I used to talk to my dad about it. I knew and understood from him, that when you serve your country, especially in a war zone, there are a lot of unpleasant things that happen and you deal with it the best you can. I didn’t know that they had a name for it.
Today I have counseling and I take medication. Today I have control. But for a lot of years, I lost jobs. I had uncontrollable anger. I would have flashbacks.
When I got so sick. I was already divorced from my husband. But I went to see him and told him what was going on and asked him if he had it too and he said, “Yes.” We sat and talked about it. That was like 18 years after we came back. There were a lot of forces in our marriage that were beyond our control. It was the first time that we had talked about having flashbacks.
Name: Kathy Oatman
In country: Long Binh, February 1969 to May 1972
Age in Vietnam: 35
Job in Vietnam: Senior administrative sergeant in data processing unit
Current age: 63
Current home: St. Petersburg, Fla.
Most of the groups over there sponsored an orphanage one way or another. And we went into the Tam Mai orphanage. It was a little town. It was right off of Ben Wai Air Force Base.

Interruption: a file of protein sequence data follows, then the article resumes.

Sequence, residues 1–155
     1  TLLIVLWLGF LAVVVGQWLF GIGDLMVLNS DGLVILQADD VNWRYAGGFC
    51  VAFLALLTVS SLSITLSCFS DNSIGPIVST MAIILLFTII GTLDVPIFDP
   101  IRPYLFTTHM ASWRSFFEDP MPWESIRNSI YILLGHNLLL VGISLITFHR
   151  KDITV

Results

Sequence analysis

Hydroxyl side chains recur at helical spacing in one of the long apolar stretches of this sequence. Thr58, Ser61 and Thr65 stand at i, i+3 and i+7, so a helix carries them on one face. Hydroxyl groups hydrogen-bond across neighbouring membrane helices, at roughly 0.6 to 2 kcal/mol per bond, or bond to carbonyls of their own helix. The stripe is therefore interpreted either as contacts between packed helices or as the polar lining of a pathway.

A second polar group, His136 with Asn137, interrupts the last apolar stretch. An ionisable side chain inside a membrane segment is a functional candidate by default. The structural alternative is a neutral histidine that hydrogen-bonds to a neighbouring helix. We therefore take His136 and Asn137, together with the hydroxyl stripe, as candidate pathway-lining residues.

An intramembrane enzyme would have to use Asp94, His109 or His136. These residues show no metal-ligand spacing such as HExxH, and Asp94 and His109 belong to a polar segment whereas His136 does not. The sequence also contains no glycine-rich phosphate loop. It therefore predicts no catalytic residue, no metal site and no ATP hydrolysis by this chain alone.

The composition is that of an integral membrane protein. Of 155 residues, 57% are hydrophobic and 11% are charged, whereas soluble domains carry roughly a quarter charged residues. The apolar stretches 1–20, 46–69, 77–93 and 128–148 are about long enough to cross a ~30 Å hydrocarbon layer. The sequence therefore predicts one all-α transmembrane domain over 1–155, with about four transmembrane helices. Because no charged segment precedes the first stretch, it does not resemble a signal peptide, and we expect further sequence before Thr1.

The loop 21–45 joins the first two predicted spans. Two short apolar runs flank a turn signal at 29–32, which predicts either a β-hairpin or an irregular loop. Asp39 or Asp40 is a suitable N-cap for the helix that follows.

I got attached to one little boy there and I started paying a lot of attention to him. One day we had a staff picnic at the barracks, and we’d go out and get the kids and keep them there in the barracks with us for the day. When it became time for them to go home, my commanding officer asked me, “What are you going to do about Kevin? If you don’t get started you won’t be able to get that baby out of country.”
So I went to work on getting the paperwork going. I got him out of the orphanage and he stayed with me at the barracks for about a month. The orderly room would babysit while I went to work — the rest of the time he was in my room. I always laugh about it because when I had him at Long Binh and I would take him out at night, the other [women] in the barracks would say, “Get him out of the night air.” And if I didn’t take him out, they would say to me, “Take him out. Quit keeping that baby locked up.” He had so many mothers it wasn’t funny.